The finest creative and re-creative skills of the North Carolina School of the Arts’ faculty were on display during this recital that featured two North Carolina premieres and one world premiere. An enthusiastic and knowledgeable audience in Watson Hall listened closely and cheered lustily like sports fans.

Jeffery Kahane, familiar to Triangle audiences as both a conductor and pianist, celebrated his fiftieth birthday in September 2006. Four composers, including Kenneth Frazelle (b.1955), wrote piano works in honor of Kahane. Frazelle’s work, “Elixir” (2006), was given its NC premiere at this concert by the composer, who describes the piece as being “in the cantabile tradition of Chopin’s Nocturnes.” This lovely work ought to transcend its “occasional piece” origins. Its clear musical lines, bell-like treble part, and subtly varied timbre are immediately winning. Frazzelle’s finesse with the ivories can stand comparison with any of the NCSA’s excellent piano faculty.

The phenomenal breath control and precise intonation of David Jolley (b.1948) were on display in his “Variations on a Jewish Prayer” (2005). There were no program notes about the work but the initial theme seemed fairly familiar. Jolley’s quiet hand-stopped notes were lovely, and his articulation of fast passages was simply amazing.

Frazelle, a native of Jacksonville, NC, violates the premise of Thomas Wolfe’s You Can’t Go Home Again. He attended high school at the NCSA where he studied composition with Robert Ward. The 1978 Juilliard School graduate returned and now teaches composition at the NCSA. Perhaps memories of the long leaf pines of Eastern NC played a role in Vanishing Birds (2007) for soprano and piano, which received its world premiere. The four sections are “Carolina Parakeet,” “Piping Plover,” “Red Cockaded Woodpecker,” and “Parakeeto (Audobon’s View).” The texts are drawn from eighteenth and nineteenth century naturalists and current news copy. The extinct Carolina parakeet, the only parrot native to North America, is the subject of the opening and closing sections. “Piping Plover” is a setting of the song of the bird, a vocalise for soprano above piano. The third section recounts the ruin of a long leaf pine forest, the woodpecker’s habitat, by “three hundred and sixty-eight rednecks” with chain saws in 2006. Frazelle’s piano accompaniments were immediately attractive, and Marilyn Taylor’s performance was like a singer’s master class, melding vocal technique with care for the meaning of words. Her voice was seamless across its range, with carefully gauged dynamics and a wide palette of color.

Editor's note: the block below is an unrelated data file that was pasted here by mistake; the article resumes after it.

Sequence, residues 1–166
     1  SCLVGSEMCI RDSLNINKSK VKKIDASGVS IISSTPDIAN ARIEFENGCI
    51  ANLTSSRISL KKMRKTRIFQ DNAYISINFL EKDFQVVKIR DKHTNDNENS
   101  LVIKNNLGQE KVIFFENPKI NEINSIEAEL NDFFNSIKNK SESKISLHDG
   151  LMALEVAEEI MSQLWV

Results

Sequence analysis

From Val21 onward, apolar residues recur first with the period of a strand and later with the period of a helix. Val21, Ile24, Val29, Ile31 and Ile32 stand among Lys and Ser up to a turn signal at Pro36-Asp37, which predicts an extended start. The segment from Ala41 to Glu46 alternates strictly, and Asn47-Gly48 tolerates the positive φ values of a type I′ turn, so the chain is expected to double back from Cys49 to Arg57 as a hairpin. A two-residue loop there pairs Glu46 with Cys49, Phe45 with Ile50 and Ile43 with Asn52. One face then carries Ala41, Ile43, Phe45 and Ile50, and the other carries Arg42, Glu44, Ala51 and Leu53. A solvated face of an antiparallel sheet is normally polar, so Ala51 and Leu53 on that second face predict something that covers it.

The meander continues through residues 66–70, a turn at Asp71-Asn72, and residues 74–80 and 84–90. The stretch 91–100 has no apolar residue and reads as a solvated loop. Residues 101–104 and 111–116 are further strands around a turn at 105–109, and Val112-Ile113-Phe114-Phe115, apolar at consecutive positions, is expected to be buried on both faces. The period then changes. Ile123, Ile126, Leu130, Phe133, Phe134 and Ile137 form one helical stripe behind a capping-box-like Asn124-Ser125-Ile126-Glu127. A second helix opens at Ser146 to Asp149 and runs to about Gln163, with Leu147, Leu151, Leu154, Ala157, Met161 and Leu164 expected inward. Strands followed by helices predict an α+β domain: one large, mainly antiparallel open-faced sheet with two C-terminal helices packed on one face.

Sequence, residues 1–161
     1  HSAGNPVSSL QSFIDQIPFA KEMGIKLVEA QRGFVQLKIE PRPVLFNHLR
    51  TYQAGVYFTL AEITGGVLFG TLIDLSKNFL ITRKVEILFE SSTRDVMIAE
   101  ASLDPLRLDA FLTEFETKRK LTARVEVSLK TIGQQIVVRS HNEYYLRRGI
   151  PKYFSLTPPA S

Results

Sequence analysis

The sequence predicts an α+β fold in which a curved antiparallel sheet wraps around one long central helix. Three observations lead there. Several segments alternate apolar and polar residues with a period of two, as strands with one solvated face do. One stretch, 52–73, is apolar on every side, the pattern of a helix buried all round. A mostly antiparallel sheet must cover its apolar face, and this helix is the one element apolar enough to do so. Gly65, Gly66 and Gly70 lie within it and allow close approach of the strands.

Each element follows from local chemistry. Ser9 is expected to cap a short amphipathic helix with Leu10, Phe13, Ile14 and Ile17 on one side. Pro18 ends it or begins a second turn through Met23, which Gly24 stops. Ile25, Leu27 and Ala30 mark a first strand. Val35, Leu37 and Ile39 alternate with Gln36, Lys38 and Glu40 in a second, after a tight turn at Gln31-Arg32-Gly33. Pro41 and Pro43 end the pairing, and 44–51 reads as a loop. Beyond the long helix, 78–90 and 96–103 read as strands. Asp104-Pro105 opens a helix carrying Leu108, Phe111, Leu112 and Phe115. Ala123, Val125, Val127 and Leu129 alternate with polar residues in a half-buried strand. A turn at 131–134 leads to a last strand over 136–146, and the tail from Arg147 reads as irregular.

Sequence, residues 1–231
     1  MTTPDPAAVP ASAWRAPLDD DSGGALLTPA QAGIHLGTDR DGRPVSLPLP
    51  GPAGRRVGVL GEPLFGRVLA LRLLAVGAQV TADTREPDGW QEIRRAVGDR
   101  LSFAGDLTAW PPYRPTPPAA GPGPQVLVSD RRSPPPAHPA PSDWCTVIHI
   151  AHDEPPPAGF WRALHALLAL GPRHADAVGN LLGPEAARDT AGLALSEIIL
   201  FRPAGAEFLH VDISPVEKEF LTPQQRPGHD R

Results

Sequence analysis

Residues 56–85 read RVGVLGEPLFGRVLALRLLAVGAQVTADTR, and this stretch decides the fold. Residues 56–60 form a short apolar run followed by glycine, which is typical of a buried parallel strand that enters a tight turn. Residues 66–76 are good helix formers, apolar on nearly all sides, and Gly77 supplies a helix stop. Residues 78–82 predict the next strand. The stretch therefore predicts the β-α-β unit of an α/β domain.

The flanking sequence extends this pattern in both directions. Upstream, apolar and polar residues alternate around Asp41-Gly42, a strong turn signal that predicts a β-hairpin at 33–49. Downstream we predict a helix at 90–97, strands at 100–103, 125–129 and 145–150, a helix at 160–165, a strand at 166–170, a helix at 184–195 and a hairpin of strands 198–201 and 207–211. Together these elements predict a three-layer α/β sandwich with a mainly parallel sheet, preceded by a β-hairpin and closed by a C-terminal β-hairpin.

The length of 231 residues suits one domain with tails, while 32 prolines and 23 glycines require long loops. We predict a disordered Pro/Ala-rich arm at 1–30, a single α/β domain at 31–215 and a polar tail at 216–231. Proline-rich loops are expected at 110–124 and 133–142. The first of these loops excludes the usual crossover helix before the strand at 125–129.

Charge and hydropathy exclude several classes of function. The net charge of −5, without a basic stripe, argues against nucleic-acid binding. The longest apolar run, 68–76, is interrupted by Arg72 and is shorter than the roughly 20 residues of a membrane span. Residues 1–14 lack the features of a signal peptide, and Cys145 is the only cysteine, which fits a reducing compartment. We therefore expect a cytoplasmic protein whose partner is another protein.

According to the brief program note by composer Lawrence Dillon (b.1959), a childhood accident in which he was struck by a car while walking home from school and spent a subsequent three months in traction and a body cast “left [him] changed in ways [he] can barely describe.” His “Singing Silver” (2006) mixes music, poetry, and storytelling in manners more like the troubadour tradition than those of the art song or opera. It is scored for soprano, narrator, horn, cello, and a discreetly miked guitar. Brief lines of text were projected on a screen between the narrator and musicians. This was its North Carolina premiere, following its world premiere in New York last fall by the International Contemporary Ensemble. On the right side of the stage, composer Dillon declaimed his original text using a microphone. Soprano Taylor sometimes sang snatches of Dillon’s enigmatic text about “sixteen thousand diamonds,” reflecting the setting sun. Other times her voice was used instrumentally in wordless sounds. The subtle accompaniment was by guitarist Gerald Klickstein, cellist Grace Anderson (from UNCG), and hornist Jolley. The work is fraught with multiple allusions and, while immediately intriguing, needs several hearings to begin to get a handle on it. Dillon is currently composer-in-residence at the NCSA.

Composer Bruce Adolphe (b.1955) is Resident Lecturer and Director of Family Concerts for the Chamber Music Society of Lincoln Center, founding creative director of PollyRhythm Productions, and comic keyboard quiz master of NPR’s weekly radio program “Piano Puzzlers.” Adolphe’s Ladino Songs of Love and Suffering (1984) sets six well-known selections from Ladino poetry for soprano, horn, and guitar. Ladino is a fusion of Castilian Spanish of the fifteenth century and Hebrew from many regions of Spain. This hybrid Sephardic Jewish language was spread across much of Europe to Turkey after their expulsion from Spain in 1492. Adolphe’s music made no attempt to imitate any folk tradition. Taylor’s enunciation was excellent,and she brought out the despair present in many of the songs. The accompaniments by Klickstein on guitar and Jolley on horn (he assisted at the world premiere at Lincoln Center in 1984) were stimulating and subtle.